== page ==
Akisai: Colors

More than any release in the Schole catalogue, Akisai's Colors invites the ‘smooth jazz' label. And while its ten instrumentals encompass a wide stylistic spectrum, from delicate ballads to exuberant uptempo jams, all exude a consistent emotional quality: joy. No storm clouds darken Akisai's horizons, and despair is foreign to the world presented on the forty-seven-minute release. Akisai, by the way, is a Tokyo-based audio-visual project comprised of Koichi Nakaie and Yo Suzuki, Nakaie the group's graphic designer and visual artist and Suzuki the classically trained multi-instrumentalist (guitar, bass, drums, piano, organ, trumpet, flute, electronics) responsible for the group's sounds. Electronics and field recordings are used to sweeten the tracks, but Colors is generally natural and acoustic in character. Needless to say, it's Suzuki whose contributions are the ones showcased on their debut recording, with Nakaie's brought to life in Akisai's video and live presentations.

The opener “Line” exudes an irrepressibly sunny quality in its sing-song melodies and bounce, while the lilting, nature-based reverie “Flow” presents the group's serene side. The group's pop-jazz leanings come to the fore during “Synchrotonica,” which sees sparkling acoustic guitar and piano patterns accompanied by an uptempo groove that hurtles forward at a breakneck pace. At such moments, it's easy to hear Akisai's music as vaguely similar to the uplifting kind associated with The Pat Metheny Group. It's hardly the only such moment either, as much the same could be said of “Theory” and “Phase.” Elsewhere, “Biotopia” adds a different wrinkle to the release in wedding piano and acoustic guitar to glockenspiel and shaker percussion elements, and Suzuki's trumpet chops get a good workout on the jazzy “Eternitica.”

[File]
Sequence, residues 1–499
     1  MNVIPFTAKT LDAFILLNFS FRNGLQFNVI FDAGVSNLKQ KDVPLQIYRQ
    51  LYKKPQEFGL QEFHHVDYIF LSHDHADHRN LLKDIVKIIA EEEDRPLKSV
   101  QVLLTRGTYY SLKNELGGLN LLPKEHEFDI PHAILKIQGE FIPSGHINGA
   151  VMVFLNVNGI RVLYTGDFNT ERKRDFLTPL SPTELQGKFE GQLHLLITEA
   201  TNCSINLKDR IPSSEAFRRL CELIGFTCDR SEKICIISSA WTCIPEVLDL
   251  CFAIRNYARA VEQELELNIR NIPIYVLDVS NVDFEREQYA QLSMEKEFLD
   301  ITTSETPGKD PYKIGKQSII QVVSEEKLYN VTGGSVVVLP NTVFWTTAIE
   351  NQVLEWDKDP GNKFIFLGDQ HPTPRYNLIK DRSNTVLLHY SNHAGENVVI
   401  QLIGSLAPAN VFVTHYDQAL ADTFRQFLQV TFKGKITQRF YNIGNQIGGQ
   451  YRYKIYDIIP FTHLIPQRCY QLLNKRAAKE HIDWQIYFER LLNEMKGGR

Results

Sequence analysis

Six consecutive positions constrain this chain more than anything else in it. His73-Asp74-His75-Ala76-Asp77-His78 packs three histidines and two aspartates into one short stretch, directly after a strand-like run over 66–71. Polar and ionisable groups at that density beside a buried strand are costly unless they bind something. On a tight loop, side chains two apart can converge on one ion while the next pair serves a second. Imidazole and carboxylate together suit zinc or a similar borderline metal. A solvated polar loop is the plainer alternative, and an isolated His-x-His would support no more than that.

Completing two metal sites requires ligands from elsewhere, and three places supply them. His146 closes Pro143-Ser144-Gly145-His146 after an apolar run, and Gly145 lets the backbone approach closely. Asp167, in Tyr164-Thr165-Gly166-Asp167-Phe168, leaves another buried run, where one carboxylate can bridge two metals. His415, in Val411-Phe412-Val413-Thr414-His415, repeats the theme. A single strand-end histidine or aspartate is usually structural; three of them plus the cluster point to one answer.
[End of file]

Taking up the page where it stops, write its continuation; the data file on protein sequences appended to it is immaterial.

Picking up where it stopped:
Melodious and harmonious, Akisai's music is easy to warm up to, packed as it with catchy pop melodies, swinging rhythms, and rich instrumental interplay. Throughout the disc, Suzuki proves himself to be a musician of no small ability, with his acoustic guitar and piano playing pitched at a high level. And while it's not all that uncommon these days for a musician to credibly simulate an ensemble through the use of multi-tracking and digital production techniques, Suzuki does an especially good job of creating the impression of a full group sound. In fact, the simulation of live playing within “Memoment” is so convincing one visualizes a full band playing in concert, with soulful soloing by the acoustic guitarist and organist punctuated by the funky backing of a horn section.

June 2014